Article Title : St Antony's College, Oxford
Article Snippet :St Antony's College is one of the constituent colleges of the University of Oxford in England. Founded in 1950 as the result of the gift of French merchant
The George Washington University School of Medicine and Health Sciences (GW SMHS for short) was established in 1824, due to the need for doctors in the District of Columbia (DC). The school formally opened its doors a year later in 1825. It is the eleventh oldest medical school in the United States and the first medical school established in the nation's capital. The school has more than 700 medical students currently enrolled in its Doctor of Medicine (MD) program.
GW saw rise in the number of applications, to 14,649 applications in 2012.
The George Washington University School of Medicine is at the forefront of technology for research and application. GW's innovations include the six-million volt linear accelerator, a radioisotope laboratory, and the first operating theaters with overhead observation decks, among others. Political figures, such as former Vice President Dick Cheney and former First Lady Laura Bush, also come to GW for routine and emergency procedures. The school was in the national spotlight in 1981 when US President Ronald Reagan, shot at close range, was rushed to its ER for surgery.
The Himmelfarb Health Sciences Library is the academic library for GW SMHS.
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Harvard University is a private Ivy League research university in Cambridge, Massachusetts, established in 1636. Its history, influence and wealth have made it one of the most prestigious universities in the world.
Established originally by the Massachusetts legislature and soon thereafter named for John Harvard (its first benefactor), Harvard is the United States' oldest institution of higher learning, and the Harvard Corporation (formally, the President and Fellows of Harvard College) is its first chartered corporation. Although never formally affiliated with any denomination, the early College primarily trained Congregationalist and Unitarian clergy. Its curriculum and student body were gradually secularized during the 18th century, and by the 19th century Harvard had emerged as the central cultural establishment among Boston elites. Following the American Civil War, President Charles W. Eliot's long tenure (1869â1909) transformed the college and affiliated professional schools into a modern research university; Harvard was a founding member of the Association of American Universities in 1900. James Bryant Conant led the university through the Great Depression and World War II and began to reform the curriculum and liberalize admissions after the war. The undergraduate college became coeducational after its 1977 merger with Radcliffe College.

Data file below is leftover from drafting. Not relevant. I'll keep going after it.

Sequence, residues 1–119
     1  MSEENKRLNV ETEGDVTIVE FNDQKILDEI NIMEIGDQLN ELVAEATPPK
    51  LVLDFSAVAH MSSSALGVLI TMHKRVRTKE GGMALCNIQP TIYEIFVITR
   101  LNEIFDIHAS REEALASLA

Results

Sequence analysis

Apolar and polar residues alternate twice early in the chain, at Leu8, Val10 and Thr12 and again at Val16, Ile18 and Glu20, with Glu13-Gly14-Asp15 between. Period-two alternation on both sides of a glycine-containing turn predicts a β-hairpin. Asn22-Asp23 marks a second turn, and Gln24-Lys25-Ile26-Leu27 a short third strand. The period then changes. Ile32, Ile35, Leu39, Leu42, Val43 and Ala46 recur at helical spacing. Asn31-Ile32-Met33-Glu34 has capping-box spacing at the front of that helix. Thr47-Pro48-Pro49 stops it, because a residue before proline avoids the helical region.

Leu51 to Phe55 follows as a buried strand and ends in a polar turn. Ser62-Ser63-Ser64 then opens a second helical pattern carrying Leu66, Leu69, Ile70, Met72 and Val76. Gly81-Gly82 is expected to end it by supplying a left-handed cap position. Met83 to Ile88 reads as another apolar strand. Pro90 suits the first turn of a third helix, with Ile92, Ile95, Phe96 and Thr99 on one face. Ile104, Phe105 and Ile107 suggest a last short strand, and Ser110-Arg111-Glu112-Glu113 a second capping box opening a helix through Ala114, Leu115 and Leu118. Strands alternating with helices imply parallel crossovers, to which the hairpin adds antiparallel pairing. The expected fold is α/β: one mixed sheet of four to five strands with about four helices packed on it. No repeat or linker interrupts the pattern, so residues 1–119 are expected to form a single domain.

The University is organized into eleven separate academic unitsâten faculties and the Radcliffe Institute for Advanced Studyâwith campuses throughout the Boston metropolitan area: its 209-acre (85Â ha) main campus is centered on Harvard Yard in Cambridge, approximately 3 miles (5Â km) northwest of Boston; the business school and athletics facilities, including Harvard Stadium, are located across the Charles River in the Allston neighborhood of Boston and the medical, dental, and public health schools are in the Longwood Medical Area. Harvard has the largest financial endowment of any academic institution in the world, standing at $36.4 billion.
Harvard is a large, highly residential research university. The nominal cost of attendance is high, but the University's large endowment allows it to offer generous financial aid packages. It operates several arts, cultural, and scientific museums, alongside the Harvard Library, which is the world's largest academic and private library system, comprising 79 individual libraries with over 18 million volumes. Harvard's alumni include eight U.S. presidents, several foreign heads of state, 62 living billionaires, and 335 Rhodes Scholars. To date, some 150 Nobel laureates and 5 Fields Medalists (when awarded) have been affiliated as students, faculty, or staff.
3D Universities rankings
|#5||Massachussetts Institute of Technology||93.9|
|#10||University of Chicago||88.5|